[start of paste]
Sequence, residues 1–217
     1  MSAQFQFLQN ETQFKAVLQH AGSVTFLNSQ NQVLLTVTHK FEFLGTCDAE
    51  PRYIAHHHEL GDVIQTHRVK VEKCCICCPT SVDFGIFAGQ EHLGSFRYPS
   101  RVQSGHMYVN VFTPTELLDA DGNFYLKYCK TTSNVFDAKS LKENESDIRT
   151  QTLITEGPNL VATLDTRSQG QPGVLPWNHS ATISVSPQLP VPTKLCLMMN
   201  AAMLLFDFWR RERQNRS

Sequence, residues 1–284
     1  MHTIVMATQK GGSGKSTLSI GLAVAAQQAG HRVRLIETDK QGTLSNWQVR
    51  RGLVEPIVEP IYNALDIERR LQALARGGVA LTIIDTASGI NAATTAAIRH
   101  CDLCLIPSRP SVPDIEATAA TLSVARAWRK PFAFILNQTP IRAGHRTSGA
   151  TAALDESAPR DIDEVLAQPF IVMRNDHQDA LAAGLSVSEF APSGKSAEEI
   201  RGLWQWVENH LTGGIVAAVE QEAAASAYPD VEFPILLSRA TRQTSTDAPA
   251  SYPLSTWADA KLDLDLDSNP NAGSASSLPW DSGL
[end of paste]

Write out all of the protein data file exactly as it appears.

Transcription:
Sequence, residues 1–217
     1  MSAQFQFLQN ETQFKAVLQH AGSVTFLNSQ NQVLLTVTHK FEFLGTCDAE
    51  PRYIAHHHEL GDVIQTHRVK VEKCCICCPT SVDFGIFAGQ EHLGSFRYPS
   101  RVQSGHMYVN VFTPTELLDA DGNFYLKYCK TTSNVFDAKS LKENESDIRT
   151  QTLITEGPNL VATLDTRSQG QPGVLPWNHS ATISVSPQLP VPTKLCLMMN
   201  AAMLLFDFWR RERQNRS

Sequence, residues 1–284
     1  MHTIVMATQK GGSGKSTLSI GLAVAAQQAG HRVRLIETDK QGTLSNWQVR
    51  RGLVEPIVEP IYNALDIERR LQALARGGVA LTIIDTASGI NAATTAAIRH
   101  CDLCLIPSRP SVPDIEATAA TLSVARAWRK PFAFILNQTP IRAGHRTSGA
   151  TAALDESAPR DIDEVLAQPF IVMRNDHQDA LAAGLSVSEF APSGKSAEEI
   201  RGLWQWVENH LTGGIVAAVE QEAAASAYPD VEFPILLSRA TRQTSTDAPA
   251  SYPLSTWADA KLDLDLDSNP NAGSASSLPW DSGL